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When we look at an oak, we see one organism, despite the fact that each of the estimated 25,808 genes in the oak genome has a unique history. Here I review why the evolutionary history of oaks comprises a variety of phylogenetic histories that trace disparate histories of introgression, stochastic allele extinction, and population divergence. I describe recent phylogenomic work that dissects the multiple phylogenetic histories constituting the history of white oak movements between the Americas and Eurasia. Finally, I argue that the patterns and causes of genomic mosaicism should be a central focus of inquiry for oak phylogenetic work in the coming decade.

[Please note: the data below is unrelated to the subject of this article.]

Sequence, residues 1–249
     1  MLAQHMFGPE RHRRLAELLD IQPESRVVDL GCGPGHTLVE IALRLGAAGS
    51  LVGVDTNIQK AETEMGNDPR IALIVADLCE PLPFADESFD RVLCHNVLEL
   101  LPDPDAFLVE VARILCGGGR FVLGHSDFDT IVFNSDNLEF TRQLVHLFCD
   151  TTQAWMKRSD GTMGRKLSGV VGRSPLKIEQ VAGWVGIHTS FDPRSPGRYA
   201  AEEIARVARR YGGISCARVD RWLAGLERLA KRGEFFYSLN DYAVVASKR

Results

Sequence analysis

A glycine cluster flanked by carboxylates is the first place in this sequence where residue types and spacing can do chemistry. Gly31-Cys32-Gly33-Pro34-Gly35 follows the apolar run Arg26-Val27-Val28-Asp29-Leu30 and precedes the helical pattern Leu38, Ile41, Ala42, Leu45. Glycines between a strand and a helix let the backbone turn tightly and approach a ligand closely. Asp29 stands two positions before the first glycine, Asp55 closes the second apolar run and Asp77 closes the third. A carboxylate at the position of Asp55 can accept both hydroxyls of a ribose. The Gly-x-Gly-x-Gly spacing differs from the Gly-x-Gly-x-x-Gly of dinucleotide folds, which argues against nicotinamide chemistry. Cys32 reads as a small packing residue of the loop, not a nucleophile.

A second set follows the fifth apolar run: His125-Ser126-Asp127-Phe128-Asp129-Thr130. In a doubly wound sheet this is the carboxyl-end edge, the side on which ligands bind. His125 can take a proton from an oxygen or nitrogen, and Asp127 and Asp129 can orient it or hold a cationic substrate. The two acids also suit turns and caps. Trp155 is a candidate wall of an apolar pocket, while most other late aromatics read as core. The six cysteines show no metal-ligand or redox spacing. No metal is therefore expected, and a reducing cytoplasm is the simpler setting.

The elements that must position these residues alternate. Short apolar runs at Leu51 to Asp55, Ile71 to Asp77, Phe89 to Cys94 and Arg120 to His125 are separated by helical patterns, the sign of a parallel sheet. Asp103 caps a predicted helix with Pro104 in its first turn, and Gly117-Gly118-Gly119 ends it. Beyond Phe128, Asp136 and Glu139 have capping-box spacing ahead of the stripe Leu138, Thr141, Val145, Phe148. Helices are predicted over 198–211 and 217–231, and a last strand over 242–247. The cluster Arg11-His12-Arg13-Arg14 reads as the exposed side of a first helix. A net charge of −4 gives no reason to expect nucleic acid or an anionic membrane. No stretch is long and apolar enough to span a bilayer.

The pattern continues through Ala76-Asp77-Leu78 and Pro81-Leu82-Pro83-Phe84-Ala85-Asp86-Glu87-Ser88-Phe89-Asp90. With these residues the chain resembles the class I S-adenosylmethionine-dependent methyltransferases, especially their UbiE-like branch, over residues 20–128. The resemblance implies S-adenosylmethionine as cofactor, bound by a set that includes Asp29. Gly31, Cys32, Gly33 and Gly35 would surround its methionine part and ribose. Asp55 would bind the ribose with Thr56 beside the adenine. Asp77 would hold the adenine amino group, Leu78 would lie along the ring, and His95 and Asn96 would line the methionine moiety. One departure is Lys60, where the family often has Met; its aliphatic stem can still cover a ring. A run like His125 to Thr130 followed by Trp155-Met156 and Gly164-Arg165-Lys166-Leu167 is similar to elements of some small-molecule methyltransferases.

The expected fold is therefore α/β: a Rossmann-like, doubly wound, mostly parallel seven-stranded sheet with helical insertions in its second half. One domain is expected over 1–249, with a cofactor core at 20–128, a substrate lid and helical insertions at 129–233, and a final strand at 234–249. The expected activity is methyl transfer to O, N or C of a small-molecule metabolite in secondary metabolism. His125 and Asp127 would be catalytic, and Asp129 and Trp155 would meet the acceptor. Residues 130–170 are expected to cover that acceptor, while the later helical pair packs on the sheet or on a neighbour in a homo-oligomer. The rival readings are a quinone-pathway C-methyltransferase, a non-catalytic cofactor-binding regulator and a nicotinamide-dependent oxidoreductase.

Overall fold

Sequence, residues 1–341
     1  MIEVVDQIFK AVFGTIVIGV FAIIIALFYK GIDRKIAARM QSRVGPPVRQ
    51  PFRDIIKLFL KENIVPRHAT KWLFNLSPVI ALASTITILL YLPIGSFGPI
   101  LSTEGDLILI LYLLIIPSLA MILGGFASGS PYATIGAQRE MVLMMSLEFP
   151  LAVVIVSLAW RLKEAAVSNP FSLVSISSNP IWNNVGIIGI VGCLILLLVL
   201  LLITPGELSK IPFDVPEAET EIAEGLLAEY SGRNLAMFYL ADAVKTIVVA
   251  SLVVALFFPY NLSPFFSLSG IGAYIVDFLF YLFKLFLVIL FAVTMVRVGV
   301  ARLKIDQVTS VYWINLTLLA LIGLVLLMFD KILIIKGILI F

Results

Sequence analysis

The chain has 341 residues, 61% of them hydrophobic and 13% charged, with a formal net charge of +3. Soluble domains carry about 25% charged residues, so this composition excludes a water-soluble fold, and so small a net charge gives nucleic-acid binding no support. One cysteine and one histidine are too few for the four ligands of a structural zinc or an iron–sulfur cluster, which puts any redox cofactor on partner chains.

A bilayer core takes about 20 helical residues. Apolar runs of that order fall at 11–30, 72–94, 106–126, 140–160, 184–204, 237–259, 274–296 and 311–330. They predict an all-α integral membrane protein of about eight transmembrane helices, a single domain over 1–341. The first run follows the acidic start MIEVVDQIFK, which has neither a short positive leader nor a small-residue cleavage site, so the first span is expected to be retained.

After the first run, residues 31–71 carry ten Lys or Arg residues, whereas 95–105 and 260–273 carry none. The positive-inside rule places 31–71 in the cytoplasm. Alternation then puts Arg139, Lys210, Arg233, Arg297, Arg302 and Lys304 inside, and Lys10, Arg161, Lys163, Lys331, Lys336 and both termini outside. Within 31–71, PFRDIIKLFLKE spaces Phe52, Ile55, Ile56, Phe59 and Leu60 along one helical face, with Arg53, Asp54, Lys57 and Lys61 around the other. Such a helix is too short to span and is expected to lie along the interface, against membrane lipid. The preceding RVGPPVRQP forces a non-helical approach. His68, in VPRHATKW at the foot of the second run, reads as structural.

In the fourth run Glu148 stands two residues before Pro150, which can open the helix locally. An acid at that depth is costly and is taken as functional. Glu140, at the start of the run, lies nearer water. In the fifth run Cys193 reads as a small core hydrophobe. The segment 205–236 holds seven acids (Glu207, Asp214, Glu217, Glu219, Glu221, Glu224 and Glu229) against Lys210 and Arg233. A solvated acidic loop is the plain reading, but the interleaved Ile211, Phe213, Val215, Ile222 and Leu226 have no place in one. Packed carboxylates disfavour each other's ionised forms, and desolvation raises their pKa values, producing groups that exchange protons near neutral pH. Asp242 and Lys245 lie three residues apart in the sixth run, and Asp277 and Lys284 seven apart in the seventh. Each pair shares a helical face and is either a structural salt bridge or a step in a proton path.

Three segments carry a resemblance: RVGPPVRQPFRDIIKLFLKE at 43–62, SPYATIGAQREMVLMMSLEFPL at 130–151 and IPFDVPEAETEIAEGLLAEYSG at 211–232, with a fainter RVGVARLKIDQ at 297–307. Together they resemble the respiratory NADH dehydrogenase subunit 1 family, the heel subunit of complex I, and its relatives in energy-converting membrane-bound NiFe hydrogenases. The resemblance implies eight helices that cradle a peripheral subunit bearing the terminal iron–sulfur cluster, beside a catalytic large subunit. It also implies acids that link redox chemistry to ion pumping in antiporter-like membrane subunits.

This is the final accepted version of the ms, as it will be published in International oaks : the journal of the International Oak Society